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Contemplating today's Gospel

Today's Gospel + homily (in 300 words)

Thursday 21st in OrdinaryTime

1st Reading (1Cor 1:1-9): Paul, called to be an Apostle of Christ Jesus by the will of God, and Sosthenes our brother, to the Church of God that is in Corinth, to you who have been sanctified in Christ Jesus, called to be holy, with all those everywhere who call upon the name of our Lord Jesus Christ, their Lord and ours. Grace to you and peace from God our Father and the Lord Jesus Christ. I give thanks to my God always on your account for the grace of God bestowed on you in Christ Jesus, that in him you were enriched in every way, with all discourse and all knowledge, as the testimony to Christ was confirmed among you, so that you are not lacking in any spiritual gift as you wait for the revelation of our Lord Jesus Christ. He will keep you firm to the end, irreproachable on the day of our Lord Jesus Christ. God is faithful, and by him you were called to fellowship with his Son, Jesus Christ our Lord.
Responsorial Psalm: 144
R/. I will praise your name for ever, Lord.
Every day will I bless you, and I will praise your name forever and ever. Great is the Lord and highly to be praised; his greatness is unsearchable.

Generation after generation praises your works and proclaims your might. They speak of the splendor of your glorious majesty and tell of your wondrous works.

They discourse of the power of your terrible deeds and declare your greatness. They publish the fame of your abundant goodness and joyfully sing of your justice.
Versicle before the Gospel (Mt 24:42.44): Alleluia. Stay awake! For you do not know when the Son of Man will come. Alleluia.
Gospel text (Mt 24,42-51): Jesus said to his disciples, «Stay awake, then, for you do not know on what day your Lord will come. Just think about this: if the owner of the house knew that the thief would come by night around a certain hour, he would stay awake to prevent his house to be broken into. So be alert, for the Son of Man will come at the hour you least expect. Imagine a capable servant whom his master has put in charge of his household to give them food at the proper time. Fortunate indeed is that servant whom his master will find at work when he comes. Truly, I say to you, his lord will entrust that one with everything he has. Not so with the bad servant who thinks: ‘My master is delayed’. And he begins ill-treating his fellow servants while eating and drinking with drunkards. But his master will come on the day he does not know and at the hour he least expects. He will dismiss that servant and deal with him as with the hypocrites, where there will be weeping and gnashing of teeth».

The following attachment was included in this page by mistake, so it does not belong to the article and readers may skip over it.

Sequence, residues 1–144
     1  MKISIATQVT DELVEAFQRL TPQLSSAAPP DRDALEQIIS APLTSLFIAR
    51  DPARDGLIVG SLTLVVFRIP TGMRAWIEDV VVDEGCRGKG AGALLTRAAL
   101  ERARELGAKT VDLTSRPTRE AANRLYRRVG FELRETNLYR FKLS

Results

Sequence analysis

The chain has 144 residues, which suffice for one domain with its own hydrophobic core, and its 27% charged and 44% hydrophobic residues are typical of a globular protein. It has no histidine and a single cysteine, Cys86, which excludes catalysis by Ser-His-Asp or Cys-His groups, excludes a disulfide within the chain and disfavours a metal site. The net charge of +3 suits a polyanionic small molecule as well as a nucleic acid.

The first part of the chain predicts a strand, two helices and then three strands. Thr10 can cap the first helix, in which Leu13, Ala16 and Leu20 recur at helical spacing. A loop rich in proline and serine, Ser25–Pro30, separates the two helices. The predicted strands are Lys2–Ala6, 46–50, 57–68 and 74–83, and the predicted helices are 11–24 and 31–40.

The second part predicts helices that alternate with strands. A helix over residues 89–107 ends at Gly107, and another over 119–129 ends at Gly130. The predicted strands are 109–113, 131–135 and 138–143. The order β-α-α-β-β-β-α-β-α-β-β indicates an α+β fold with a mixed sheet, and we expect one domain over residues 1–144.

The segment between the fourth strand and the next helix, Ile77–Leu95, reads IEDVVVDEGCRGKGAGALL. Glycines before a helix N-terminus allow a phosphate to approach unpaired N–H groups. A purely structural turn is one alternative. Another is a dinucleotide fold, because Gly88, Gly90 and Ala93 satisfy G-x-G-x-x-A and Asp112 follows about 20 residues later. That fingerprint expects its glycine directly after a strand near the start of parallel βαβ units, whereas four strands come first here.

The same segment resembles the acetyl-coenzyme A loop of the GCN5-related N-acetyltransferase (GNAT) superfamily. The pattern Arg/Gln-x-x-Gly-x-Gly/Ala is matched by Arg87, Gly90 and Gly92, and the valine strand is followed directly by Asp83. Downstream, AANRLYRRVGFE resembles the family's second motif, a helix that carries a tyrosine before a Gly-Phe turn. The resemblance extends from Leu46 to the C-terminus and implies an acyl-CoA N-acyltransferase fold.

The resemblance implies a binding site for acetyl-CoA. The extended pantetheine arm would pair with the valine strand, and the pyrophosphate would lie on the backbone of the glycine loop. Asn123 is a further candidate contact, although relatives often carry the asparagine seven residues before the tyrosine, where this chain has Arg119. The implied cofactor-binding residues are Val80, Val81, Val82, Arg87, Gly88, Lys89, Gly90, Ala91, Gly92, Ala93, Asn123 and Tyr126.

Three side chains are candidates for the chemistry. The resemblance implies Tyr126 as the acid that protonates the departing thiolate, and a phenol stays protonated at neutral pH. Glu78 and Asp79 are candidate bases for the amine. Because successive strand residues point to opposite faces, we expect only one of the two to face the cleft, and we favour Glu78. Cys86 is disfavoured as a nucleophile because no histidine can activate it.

«So be alert»

+ Fr. Albert TAULÉ i Viñas (Barcelona, Spain)

Today, the evangelic text speaks of the uncertainty of the moment when the Lord will come: «You do not know on what day your Lord will come» (Mt 24:42). If we want him to find us on the alert when He comes, we cannot get absent-minded or asleep: we have to be always alert. Jesus gives many instances of this vigil: the owner who stays awake to prevent his house to be broken into by a thief, the servant who wants to please his master... Today, maybe He would refer instead to a goalkeeper who does not know when, or where from, the ball will shot at him...

But, maybe, we should first clarify which coming is He talking about. Is He referring to our death?; is He talking about the end of the world? Both are certainly comings of the Lord He has expressly left out uncertain to provoke a constant attention on us. But, going by an estimate of probabilities, perhaps none of our generation will bear witness of a universal cataclysm that means the end of human life in this planet. And, insofar as death is concerned, this will be only once and that will be it. But, while this moment does not arrive, is there any other closer coming before which we are to be always on our guard?

«How years go by! Months are reduced to weeks, weeks to days, days to hours, hours to seconds...» (St. Francis de Sales). Every day, every hour, every instant in our life, the Lord is close to us. Through internal inspirations, through the persons around us, through the events that are happening and, as the Apocalypse says: «Behold, I am standing at the door, and I am knocking: if any one hears my voice, and open the door, I will come in to him, and will sup with him, and he with me» (Rev 3:20). Today, if we take the communion, the same think will happen. Today, if we patiently listen to the problems someone else may be telling us about or if we generously give our money to help the needy, the same thing will happen again. And, if in our personal prayer, today, we —suddenly— receive an unexpected inspiration, the same thing will happen again.

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